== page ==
By Monish Gulati
British Prime Minister Theresa May will be in New Delhi from November 6 to 8 on her first bilateral visit outside the European Union (EU). The visit is seen as an opportunity for the two sides to strengthen business-to-business engagement in the areas of technology, finance, entrepreneurship, innovation, design, IPRs, higher education, and defence and security. She will hold talks with Prime Minister Narendra Modi and review all aspects of the India-UK Strategic Partnership. The Joint Economic and Trade Committee (JETCO) meeting will be held on the sidelines of the visit.
May is expected to use the trip to deliver on her ambitious vision for Britain after Brexit by introducing new and emerging enterprises, as well as more established players, to the key Indian market. While announcing the visit, she had said, “We have the chance to forge a new global role for the UK — to look beyond our continent and towards the economic and diplomatic opportunities in the wider world.” The visit is expected to unveil Britain’s post-Brexit “new global role” and where India figures in that.
Among issues likely to be at the forefront of bilateral discussion is a potential India-UK Free Trade Agreement. On trade, May has declared that the UK will become the “most passionate, most consistent, and most convincing advocate for free trade”, and during the current visit she will be focusing on small- and medium-sized businesses and her delegation will include representation from every region of the UK.
During the visit she, along with Modi, will inaugurate the India-UK Tech Summit in New Delhi, jointly hosted by the Confederation of Indian Indutsry (CII) and the Department of Science and Technology. The summit will bring together entrepreneurs, business leaders and policymakers from both sides for a three-day exchange to focus on matters such as technology, education, design, advanced manufacturing and robotics, among others which are seen as critical to India’s developing economy.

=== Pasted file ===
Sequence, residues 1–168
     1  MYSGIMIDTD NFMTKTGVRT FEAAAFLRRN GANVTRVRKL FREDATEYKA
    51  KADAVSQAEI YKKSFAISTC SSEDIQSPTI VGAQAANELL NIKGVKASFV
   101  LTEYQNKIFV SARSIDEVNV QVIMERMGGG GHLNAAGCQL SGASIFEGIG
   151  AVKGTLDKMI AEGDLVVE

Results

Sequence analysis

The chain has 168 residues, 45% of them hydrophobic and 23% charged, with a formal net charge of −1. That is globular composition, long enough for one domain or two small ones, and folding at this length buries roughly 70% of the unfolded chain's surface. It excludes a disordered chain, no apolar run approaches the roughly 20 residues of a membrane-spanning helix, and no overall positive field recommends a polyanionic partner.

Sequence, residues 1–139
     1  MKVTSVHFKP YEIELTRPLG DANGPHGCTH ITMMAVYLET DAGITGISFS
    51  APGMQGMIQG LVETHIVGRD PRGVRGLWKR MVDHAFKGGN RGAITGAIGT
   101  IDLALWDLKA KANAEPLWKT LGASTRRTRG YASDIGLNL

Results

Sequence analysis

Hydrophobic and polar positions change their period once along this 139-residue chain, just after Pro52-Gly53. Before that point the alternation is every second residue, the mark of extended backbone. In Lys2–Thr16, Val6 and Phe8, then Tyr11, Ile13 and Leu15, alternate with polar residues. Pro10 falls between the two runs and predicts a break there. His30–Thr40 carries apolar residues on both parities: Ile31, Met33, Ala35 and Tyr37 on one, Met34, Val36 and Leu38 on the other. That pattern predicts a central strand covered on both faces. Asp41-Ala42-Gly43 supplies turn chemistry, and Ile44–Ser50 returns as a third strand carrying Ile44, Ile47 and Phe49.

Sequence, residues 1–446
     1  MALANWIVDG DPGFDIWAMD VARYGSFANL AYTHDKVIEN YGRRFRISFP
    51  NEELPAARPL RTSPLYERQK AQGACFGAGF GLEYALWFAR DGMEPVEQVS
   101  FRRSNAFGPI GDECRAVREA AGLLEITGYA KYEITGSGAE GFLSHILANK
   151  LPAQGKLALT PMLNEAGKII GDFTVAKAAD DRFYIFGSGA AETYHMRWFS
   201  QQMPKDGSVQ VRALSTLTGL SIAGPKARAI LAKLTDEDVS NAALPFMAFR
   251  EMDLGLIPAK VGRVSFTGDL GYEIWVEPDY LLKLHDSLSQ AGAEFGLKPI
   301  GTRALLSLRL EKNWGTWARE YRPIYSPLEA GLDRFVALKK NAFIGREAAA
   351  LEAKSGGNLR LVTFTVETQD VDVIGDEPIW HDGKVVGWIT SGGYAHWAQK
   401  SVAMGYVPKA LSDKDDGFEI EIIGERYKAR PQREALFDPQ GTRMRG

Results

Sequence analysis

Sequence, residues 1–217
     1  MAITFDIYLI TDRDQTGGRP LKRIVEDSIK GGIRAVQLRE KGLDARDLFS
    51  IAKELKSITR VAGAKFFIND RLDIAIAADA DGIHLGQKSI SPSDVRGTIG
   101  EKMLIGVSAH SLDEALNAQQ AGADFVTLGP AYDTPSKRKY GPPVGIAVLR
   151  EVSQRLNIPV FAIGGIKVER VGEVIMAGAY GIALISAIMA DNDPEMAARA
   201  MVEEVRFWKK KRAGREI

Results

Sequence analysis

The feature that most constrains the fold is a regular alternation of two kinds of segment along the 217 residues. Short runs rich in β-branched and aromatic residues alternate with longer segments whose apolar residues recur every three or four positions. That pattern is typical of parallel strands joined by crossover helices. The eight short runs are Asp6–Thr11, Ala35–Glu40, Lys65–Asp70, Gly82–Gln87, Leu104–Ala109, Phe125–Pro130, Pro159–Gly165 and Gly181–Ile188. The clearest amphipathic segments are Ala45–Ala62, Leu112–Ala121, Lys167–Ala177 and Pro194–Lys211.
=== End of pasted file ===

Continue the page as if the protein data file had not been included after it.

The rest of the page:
However, her trip to India comes on the back of two developments back home: the High Court ruling on Brexit and the announcement of the new visa rules for non-EU nationals. The former has led to a piquant situation where the May government has been shorn off the sovereign right to set into motion the process to withdraw from the EU (by invoking Article 50 of the Lisbon Treaty) prior to securing a parliamentary approval. The Conservative government has a small majority in the House of Commons. The government is set to appeal in the Supreme Court. May had earlier declared her intention to initiate Brexit by March 2017 and complete the process in two years.
Even prior to the High Court’s ruling, some critics were claiming that May’s visit is less about India and more about the need to reassure voters back home on her government’s ability to manage post-Brexit concerns, particularly those regarding the economy. Britain cannot legally make any trade deals with India until it is officially out of the EU, which is by 2019 at the earliest; the High Court’s ruling may see the deadline slip even further. Though May has assured that there will be no change in the 2019 deadline, there are already talks about the possibility of a mid-term election on the issue.